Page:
Immediate H1N1 antiviral treatment for people in at-risk groups with flu symptoms is vital for saving lives, according to updated United Nations guidelines released today, calling for greater urgency than earlier recommendations.
But otherwise-healthy people with only mild illness should not receive antivirals nor should they be used as a preventive measure for such people.
At-risk groups include pregnant women, children under two, and people with underlying conditions such as respiratory problems. Others who have persistent or rapidly worsening symptoms such as difficulty breathing and a high fever lasting beyond three days should also be treated with antivirals, and people who have already developed pneumonia should be given both antivirals and antibiotics to combat bacterial infections.
“These medicines, antivirals and antibiotics, if used in a timely manner, can help save lives,” UN World Health Organization (WHO) global influenza officer Nikki Shindo told a news conference in Geneva. “We have heard that doctors involved in caring for very sick patients in intensive care units regretted that the patients arrived too late and even the most sophisticated medical procedures could not save their lives.
“We asked what could have been done differently to avoid the tragic outcomes. All of them answered, without exception, that things may have been very different if they had been treated with an antiviral drug earlier,” she added, stressing that people not in the at-risk groups and with only a typical cold need not take antivirals.
The pandemic virus can cause severe pneumonia even in healthy young people, though rather minor in proportion, and the virus can take life within a week. “The window of opportunity is very narrow to reverse the progression of the disease,” Dr. Shindo warned. “The medicine needs to be administered before the virus destroys the lungs.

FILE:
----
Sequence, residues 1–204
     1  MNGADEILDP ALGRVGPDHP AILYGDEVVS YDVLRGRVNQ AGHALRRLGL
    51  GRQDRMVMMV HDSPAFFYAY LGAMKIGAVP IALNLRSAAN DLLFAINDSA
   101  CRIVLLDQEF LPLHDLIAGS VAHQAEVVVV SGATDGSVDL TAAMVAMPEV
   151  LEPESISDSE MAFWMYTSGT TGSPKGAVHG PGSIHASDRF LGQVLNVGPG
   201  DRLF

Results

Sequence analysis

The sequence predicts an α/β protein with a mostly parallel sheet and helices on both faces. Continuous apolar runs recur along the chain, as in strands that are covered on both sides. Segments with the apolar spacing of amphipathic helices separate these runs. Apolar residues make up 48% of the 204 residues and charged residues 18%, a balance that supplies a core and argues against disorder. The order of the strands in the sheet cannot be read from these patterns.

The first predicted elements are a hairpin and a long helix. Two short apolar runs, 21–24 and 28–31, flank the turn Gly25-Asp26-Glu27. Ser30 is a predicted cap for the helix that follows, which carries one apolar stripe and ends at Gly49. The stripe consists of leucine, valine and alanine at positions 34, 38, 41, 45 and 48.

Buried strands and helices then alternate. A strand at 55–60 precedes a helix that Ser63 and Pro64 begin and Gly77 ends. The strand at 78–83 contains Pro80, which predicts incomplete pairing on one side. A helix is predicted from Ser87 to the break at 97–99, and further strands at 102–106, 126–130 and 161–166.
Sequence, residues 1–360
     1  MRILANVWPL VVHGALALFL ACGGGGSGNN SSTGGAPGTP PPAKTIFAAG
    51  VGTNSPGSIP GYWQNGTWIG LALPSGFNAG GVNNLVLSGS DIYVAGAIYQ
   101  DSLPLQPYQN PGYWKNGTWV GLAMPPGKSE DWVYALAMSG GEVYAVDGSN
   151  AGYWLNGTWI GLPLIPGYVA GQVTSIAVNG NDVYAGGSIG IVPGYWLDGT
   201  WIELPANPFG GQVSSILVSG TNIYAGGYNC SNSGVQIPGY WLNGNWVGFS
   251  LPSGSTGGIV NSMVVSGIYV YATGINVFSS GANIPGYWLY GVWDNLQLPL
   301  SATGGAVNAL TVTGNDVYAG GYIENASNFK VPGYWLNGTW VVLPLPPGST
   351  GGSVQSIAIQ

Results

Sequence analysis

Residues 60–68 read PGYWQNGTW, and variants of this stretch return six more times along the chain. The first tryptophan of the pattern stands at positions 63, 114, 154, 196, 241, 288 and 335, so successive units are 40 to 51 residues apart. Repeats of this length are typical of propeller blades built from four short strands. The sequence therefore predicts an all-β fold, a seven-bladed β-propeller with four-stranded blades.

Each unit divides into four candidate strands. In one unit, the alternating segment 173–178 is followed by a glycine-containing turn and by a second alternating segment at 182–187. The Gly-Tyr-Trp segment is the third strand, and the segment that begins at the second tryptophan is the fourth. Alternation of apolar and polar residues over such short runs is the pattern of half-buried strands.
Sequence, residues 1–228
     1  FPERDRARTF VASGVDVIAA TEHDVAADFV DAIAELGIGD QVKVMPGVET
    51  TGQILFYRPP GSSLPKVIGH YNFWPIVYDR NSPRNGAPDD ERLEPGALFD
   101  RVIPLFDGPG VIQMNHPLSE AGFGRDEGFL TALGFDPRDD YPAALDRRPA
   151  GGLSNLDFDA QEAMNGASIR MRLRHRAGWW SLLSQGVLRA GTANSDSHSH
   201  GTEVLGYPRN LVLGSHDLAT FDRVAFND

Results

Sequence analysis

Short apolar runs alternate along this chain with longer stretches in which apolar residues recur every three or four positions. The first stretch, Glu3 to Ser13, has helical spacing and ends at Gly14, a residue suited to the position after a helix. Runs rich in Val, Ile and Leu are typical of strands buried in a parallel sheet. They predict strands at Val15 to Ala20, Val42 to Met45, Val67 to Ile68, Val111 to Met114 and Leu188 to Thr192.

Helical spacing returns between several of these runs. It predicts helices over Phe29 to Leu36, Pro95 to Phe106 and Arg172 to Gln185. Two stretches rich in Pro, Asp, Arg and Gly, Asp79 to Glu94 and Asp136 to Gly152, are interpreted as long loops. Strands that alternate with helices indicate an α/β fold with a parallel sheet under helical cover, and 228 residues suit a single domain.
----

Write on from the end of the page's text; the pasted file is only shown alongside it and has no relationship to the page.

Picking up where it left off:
“In the initial guidance, we took a more conservative approach because we had almost no experience with regard to the effectiveness of the antiviral medicine in this disease, and also we were aware that access to the influenza medicine was very limited. Now, we have gained knowledge in effectiveness, safety of the medicine and we have also contributed to the global availability of the medicine.”
Noting that WHO is supporting developing countries to face an upsurge in cases, Dr. Shindo said States should decentralize the distribution of antivirals and ensure that general practitioners have access to these medicines so that patients do not need to visit a hospital to get them, leaving hospitals freer to treat the most severe cases.
WHO has a stockpile of antivirals to bolster supply in resource-poor countries. In May, at the beginning of the pandemic, it shipped antivirals to 72 countries, and more recently to Afghanistan, Mongolia, Belarus and Ukraine. Additional supplies will soon be sent to Azerbaijan and Kyrgyzstan.